and Contacts: A Good Match?
should I know before fitting a diabetic patient with contact lenses?
Caution is your watchword. No known well-controlled clinical studies
specifically address the relationship between diabetes and contact
lens-induced complications. That's why there are varying opinions
Diabetic patients will potentially have more problems than normal
patients will. Diabetics are known to be poor healers. They also
have decreased corneal sensitivity, which increases their chances
of a loose epithelium. A weakened immune system makes these patients
more prone to infections in general, and specifically in the eye
due to this decreased corneal sensitivity and poor healing.
Even diabetic patients not wearing contact lenses tend to be slower
to heal, If the corneal sensitivity gets to the point where the
patient becomes hypesthetic, a neurotrophic ulcer develops. This
is a poor-healing lesion. Diabetics have a high preponderance of
neurotrophic ulcers. The practitioner exercises more caution with
younger patients, and those who tend to have Type 1 insulin-dependent
diabetes (although patients with Type 2 diabetes may also encounter
complications). By determining how well Type 1 patients control
their diabetes, you can learn how compliant they'll be with contact
lenses, she says. Find out how often the patient checks his glucose
and what the readings are at those times, and if the patient is
sensitive to hypoglycemia.
Insensitivity to extremely low blood glucose levels is one indication
of advanced diabetes. Diabetes affects all layers of the cornea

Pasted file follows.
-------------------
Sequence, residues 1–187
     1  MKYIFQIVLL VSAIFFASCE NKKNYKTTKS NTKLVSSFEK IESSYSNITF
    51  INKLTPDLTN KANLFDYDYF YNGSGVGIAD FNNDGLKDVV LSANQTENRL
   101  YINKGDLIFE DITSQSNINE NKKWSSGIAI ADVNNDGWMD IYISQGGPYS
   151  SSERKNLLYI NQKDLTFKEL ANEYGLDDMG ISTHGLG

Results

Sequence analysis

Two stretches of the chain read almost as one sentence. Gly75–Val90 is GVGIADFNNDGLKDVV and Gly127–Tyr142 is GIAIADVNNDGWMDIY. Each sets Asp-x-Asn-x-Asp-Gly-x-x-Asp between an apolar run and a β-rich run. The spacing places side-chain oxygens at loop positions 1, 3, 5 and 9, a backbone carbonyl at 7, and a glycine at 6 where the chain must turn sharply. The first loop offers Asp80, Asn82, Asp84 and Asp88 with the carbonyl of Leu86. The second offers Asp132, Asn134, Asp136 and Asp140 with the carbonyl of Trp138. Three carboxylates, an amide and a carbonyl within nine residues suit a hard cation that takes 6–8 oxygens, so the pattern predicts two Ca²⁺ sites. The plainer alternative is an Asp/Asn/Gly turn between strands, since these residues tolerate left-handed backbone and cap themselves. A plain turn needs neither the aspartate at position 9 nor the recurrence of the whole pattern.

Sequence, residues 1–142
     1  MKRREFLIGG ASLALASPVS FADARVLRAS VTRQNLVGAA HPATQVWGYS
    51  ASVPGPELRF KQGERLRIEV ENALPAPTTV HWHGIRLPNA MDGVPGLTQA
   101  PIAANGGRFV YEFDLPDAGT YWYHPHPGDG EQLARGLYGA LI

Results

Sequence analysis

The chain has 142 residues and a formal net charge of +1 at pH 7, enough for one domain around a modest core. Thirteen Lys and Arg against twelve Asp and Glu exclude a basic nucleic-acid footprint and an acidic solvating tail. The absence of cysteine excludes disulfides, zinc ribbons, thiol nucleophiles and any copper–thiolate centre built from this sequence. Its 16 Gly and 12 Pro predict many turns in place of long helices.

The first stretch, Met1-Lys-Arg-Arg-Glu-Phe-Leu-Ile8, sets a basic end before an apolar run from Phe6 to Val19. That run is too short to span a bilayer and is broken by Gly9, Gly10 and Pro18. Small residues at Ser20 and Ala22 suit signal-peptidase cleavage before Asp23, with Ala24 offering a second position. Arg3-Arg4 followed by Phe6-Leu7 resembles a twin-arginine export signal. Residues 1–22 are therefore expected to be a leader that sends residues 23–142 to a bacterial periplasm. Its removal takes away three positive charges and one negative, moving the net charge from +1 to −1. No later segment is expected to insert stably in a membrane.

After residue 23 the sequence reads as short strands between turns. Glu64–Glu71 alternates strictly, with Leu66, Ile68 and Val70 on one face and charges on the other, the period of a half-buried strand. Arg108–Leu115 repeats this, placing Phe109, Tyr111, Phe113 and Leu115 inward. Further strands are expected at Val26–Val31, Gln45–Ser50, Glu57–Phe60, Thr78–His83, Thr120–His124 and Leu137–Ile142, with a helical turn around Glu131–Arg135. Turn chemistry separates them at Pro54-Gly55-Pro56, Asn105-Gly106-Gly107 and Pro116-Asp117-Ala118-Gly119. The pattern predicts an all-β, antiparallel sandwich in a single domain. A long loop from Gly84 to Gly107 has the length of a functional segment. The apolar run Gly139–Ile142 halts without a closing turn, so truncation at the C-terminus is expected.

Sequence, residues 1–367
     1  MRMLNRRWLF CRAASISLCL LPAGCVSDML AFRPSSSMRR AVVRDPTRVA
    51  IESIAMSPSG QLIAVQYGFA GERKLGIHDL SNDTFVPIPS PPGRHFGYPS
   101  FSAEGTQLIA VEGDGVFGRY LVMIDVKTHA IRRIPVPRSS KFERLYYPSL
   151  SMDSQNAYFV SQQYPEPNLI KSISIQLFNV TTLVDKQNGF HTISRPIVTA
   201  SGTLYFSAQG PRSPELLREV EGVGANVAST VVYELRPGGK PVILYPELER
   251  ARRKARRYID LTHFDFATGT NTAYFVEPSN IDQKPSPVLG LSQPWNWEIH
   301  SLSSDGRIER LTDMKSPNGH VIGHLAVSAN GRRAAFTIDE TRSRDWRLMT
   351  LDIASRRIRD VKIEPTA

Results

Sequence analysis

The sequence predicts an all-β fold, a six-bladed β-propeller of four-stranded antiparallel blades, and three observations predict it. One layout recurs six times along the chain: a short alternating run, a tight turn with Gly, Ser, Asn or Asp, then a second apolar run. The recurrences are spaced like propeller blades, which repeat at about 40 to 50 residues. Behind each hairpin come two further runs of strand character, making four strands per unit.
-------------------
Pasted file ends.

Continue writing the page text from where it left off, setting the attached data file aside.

as well as the tear film and conjunctiva. These changes are surprisingly
similar to those which long-term contact lens wear causes. This
suggests that both effects are a generalized corneal response to
metabolic stress. Diabetics who wear contact lenses get a double
whammy, and their corneas may have less functional reserve to handle
stress and stave off infection.
need to determine if the combination of corneal changes caused by
both the disease and lens wear will significantly alter the integrity
and physiology of the cornea. Take a careful case history and a
good look with the slit lamp. Ask the patient if he or she has a
history of corneal erosions. Check for corneal thickening, edema
or striae during a morning appointment. These conditions persist
in a diabetic patient, whereas non-diabetics exhibit clear eyes.
Endothelial cells may be abnormal in size and shape, leading to
increased corneal thickness and persistent stromal edema.
Counsel the patient on the risk factors of contact lens wear. Require
follow up visits between two and three times a year. Limit wearing
time and make sure the patient keeps his or her lenses clean. In
general, rigid gas permeable lenses and daily wear have a lower
incidence of infection than soft lenses or extended wear. Most experts
feel that practitioners should stress daily wear of contact lenses
only. Going with an RGP lens in some cases might be best to minimize
complications. Soft lenses and hypoxia may exacerbate endothelial
cell swelling and stromal edema
The best road to take: Consider each patient separately, rather
than make sweeping generalizations about diabetic patients and contact